In 1998 my arrival at 9lbs 11oz defied the prognosis of several medical professionals. I returned to a Hyde Park home and became the first American born Nixon.
I climbed on everything, including my father. Soon I acquired the nickname ‘monkey’.
In words of my own, I began an emblematic reach for basic phonics and spoke with anyone willing to listen. I learned conversation was good for the soul.
Memories of my elementary days are filled with irrepressible laughter and irreplaceable friends. We played pleasantly and worried seldom. Soccer was my world. In 4th grade, I stood before a man as he blazed a trail toward freedom. He whispered the words of slaves and abolitionists, pioneers who urged on in the wake of discovery and I believed him: “yes we could.”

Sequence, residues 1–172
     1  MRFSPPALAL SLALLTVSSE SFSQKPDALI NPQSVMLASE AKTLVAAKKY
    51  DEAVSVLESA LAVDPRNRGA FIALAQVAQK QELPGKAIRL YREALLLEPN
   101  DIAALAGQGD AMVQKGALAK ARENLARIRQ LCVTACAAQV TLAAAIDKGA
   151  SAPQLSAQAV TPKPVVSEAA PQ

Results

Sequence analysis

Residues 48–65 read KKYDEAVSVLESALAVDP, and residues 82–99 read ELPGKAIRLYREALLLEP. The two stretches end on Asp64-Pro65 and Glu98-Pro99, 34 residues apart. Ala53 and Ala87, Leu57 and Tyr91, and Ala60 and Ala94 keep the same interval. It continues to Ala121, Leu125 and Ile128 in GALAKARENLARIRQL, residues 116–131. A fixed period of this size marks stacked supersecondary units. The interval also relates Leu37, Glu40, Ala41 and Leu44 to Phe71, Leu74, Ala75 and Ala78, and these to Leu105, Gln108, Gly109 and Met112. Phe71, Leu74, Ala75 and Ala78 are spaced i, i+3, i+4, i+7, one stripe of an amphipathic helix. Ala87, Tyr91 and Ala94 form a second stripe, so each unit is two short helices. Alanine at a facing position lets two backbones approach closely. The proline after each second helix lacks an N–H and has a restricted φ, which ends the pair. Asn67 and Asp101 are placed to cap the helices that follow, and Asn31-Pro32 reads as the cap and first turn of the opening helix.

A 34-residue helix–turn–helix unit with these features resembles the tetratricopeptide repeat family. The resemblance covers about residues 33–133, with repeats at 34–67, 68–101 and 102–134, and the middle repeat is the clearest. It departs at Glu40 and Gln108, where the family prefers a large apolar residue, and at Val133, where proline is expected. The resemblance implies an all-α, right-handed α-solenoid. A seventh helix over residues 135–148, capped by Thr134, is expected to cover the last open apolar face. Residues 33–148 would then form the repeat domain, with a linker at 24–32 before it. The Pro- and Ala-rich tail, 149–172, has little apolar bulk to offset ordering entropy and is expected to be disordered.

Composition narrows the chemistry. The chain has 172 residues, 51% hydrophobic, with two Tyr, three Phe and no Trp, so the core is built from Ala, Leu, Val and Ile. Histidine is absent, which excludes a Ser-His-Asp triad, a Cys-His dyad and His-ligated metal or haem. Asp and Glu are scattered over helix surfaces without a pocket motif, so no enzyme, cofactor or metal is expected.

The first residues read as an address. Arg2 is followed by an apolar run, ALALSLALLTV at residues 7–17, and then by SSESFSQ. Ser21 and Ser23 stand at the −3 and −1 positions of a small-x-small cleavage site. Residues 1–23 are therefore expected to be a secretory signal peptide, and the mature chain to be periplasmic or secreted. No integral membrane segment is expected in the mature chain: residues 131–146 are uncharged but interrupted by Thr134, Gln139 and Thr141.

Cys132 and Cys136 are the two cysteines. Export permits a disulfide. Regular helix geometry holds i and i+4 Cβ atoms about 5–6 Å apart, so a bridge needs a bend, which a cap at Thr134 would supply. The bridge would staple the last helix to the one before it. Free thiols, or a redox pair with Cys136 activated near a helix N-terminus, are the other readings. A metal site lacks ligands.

My father taught me to always be a little kid at heart. But sometimes I worry I grew up too fast.
I believe in the power of laughter. The power of humor. The resilience of hilarity in the darkest of situations.
In confidence, I have found the cure to sweaty hands. Though my hands still perspire, I’ve learned it’s best not to sweat it.
Sometimes I feel trapped by a societal endemic there stems a mindset unlike my own. For fear that it may affect me too, I try and let other ideas carry me away.
Often I smile and others wonder why. Seldom do I regret a day well spent.
I seek to live every moment like it’s my last and though my body would argue differently, I believe that sleep is for the weak.
I am the creator of art and I believe that art is in everything. I write to paint my world with color and paint to know we all see the world differently.
I want from this life what it wants from me. I wonder where life will take me and revel in its mystery.
I believe that everything happens for a reason and that with reason comes responsibility. I remember I am the decider of my destiny. I am the skipper of my soul.